pink slime that makes hamburger helper seem like a whole grain extender I am glad to have had a contrary response to a summer picnic table. I realize I was having the same reaction to these foods as I would to a fast food meal and not surprising because thrown on the backyard grill or packaged as a happy meal these were the same products.
Not to sound too un-American I do love a well-made sausage, however, it is usually from a small batch butcher -- how I carve the smoked pheasant sausage of Quattro Farms from New York State. A heaping of grainy mustard and I am good to go. A burger on the other hand is a different kettle of fish. I needed to be deeply hangover before I found myself jaws unhinged eating a burger – and it has been decades since I have gotten that blotto. I do like to participate in rituals though, I do find myself making burgers just never pre-formed. It is too simple to buy the ground meat (I usually go for buffalo, pork or chicken) and concoct my own with a liberal seasoning of fresh herbs and perhaps smoked paparika. Fish versions require the additional step of grinding up the meat in the food process before moving forward with an idea. Plus, I don’t like the burger to be about the “pilings” on and the subsequent mess I will make. No, I want the meat to stand on it own with it own unique flavors. A simple garnishment will do, thank you.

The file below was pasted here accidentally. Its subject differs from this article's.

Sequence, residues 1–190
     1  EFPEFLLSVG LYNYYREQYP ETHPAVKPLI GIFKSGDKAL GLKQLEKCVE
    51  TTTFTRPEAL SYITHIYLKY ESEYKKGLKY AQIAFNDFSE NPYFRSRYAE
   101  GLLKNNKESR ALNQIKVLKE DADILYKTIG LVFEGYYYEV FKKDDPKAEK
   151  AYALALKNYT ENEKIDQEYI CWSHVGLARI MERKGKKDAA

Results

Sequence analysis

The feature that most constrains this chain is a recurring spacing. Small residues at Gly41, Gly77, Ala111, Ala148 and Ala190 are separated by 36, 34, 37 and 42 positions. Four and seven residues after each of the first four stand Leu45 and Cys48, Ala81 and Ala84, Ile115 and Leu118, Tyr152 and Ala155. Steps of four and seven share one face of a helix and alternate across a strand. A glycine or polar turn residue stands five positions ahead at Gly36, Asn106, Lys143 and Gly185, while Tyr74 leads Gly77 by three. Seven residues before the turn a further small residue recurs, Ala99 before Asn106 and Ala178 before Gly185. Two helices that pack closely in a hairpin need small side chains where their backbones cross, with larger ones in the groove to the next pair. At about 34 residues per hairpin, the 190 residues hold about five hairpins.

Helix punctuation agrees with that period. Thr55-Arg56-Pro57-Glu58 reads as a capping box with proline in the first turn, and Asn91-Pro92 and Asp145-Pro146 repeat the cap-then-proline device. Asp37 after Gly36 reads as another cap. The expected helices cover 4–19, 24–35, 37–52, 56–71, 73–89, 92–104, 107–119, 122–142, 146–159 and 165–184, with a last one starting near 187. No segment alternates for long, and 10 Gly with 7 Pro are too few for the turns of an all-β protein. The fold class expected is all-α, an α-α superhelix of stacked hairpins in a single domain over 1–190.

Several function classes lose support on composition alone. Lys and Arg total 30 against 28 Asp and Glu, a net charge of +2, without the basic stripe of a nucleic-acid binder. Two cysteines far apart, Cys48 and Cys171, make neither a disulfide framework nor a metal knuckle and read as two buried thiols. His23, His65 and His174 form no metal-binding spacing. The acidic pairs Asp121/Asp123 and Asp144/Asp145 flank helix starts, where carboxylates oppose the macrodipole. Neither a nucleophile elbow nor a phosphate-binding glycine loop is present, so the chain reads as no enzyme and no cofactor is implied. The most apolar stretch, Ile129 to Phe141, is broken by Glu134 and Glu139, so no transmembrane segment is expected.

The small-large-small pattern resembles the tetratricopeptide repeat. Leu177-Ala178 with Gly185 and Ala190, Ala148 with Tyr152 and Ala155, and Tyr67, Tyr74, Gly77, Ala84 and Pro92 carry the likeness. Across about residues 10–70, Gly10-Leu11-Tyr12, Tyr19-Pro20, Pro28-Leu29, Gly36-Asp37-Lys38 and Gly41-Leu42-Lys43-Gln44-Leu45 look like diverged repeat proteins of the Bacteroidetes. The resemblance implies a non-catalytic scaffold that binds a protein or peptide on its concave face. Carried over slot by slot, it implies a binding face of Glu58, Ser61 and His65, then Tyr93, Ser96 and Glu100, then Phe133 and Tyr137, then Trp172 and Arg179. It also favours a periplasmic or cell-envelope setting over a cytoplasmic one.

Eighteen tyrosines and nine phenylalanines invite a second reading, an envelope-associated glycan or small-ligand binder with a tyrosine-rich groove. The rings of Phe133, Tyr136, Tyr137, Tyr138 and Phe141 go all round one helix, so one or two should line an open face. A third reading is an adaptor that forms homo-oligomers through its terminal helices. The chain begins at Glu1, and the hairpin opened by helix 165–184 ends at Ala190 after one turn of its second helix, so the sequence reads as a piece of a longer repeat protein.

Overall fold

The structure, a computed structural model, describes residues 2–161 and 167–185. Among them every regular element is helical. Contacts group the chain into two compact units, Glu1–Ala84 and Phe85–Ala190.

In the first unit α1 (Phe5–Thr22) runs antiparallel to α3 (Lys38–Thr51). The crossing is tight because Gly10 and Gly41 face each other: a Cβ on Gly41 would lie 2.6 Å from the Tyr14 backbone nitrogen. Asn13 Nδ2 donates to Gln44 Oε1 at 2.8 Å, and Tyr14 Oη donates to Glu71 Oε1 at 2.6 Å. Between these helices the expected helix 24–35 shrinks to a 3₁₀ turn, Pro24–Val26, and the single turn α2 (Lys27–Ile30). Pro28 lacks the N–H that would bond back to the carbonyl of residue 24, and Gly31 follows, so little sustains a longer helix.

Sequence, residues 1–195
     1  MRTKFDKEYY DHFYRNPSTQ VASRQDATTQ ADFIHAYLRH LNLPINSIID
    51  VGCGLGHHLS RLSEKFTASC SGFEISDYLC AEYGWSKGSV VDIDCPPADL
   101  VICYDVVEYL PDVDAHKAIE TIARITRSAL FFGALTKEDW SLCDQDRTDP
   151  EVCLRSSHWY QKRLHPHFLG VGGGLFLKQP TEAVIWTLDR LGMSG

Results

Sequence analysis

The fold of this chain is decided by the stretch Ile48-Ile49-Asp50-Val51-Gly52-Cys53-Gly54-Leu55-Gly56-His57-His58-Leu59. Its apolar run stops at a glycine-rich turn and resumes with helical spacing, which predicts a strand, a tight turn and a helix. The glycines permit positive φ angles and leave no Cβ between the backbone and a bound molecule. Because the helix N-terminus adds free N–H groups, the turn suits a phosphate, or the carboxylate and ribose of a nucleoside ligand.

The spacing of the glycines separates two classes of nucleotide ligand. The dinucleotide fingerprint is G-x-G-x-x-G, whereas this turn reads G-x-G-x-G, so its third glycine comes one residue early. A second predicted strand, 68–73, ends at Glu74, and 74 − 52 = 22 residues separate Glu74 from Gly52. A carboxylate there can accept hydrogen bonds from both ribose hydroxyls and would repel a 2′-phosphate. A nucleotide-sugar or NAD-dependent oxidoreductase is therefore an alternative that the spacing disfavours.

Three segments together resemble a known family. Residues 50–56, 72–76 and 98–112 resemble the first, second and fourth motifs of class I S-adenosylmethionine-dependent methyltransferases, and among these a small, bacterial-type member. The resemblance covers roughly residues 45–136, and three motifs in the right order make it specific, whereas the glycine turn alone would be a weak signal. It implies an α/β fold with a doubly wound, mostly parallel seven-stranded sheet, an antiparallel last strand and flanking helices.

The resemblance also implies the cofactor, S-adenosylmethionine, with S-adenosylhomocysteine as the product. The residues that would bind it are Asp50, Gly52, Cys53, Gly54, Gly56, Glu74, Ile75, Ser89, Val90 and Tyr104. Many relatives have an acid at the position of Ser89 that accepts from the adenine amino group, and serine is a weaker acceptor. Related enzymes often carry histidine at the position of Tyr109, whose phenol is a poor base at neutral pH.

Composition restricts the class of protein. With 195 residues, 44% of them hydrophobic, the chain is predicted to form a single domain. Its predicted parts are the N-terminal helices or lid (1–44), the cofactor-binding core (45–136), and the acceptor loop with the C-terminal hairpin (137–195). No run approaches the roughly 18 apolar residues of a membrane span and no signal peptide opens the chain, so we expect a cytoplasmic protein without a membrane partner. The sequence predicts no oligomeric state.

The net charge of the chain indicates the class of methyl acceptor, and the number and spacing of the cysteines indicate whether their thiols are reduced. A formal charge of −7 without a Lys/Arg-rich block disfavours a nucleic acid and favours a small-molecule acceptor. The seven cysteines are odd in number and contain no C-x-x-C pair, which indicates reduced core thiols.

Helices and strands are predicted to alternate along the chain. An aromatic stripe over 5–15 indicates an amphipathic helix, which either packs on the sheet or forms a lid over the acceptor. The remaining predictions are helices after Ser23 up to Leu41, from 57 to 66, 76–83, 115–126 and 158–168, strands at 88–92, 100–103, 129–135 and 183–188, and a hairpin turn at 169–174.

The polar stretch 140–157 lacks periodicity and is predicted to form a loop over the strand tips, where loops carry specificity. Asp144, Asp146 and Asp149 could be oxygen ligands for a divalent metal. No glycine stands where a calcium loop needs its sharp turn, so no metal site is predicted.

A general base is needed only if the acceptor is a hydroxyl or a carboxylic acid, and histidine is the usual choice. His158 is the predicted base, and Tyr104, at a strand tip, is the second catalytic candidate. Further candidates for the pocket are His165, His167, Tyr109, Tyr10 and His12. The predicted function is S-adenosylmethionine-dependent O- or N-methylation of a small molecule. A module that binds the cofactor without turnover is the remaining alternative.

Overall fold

Tilapia Burgers – yields 6 pieces
1-pound tilapia – roughly chopped (shrimp maybe substituted)
2-tablespoons Texas tarragon leaves
1-tablespoon grated ginger
1-celery stalk - minced
Salt and freshly ground pepper to taste
In a food processor place the tilapia and pulse to break the fish down. Add in the tarragon, thyme, ginger and celery and process to fully incorporate into the fish. Remove the fish to a work bowl and mix in the eggs, salt and pepper.
Form the fish into 6 patties, and place in the refrigerator for a minimum of an hour in order to allow them to firm up.
Cook on the grill for about 4 minutes a side, or under the broiler.
¼-cup fresh lime juice
1/2-pound ripe tomatoes
1-tablespoon shredded lemon verbena leaves
Cut the onion in half through its root. Slice each half into very thin julienne, and toss with the salt and lime juice. Allow the onion to sit at room room temperature for about 15 to 30 minutes.
Slice the tomatoes into thin strips and toss into the onions along with the verbena leaves.
Serve at room temperature or cold.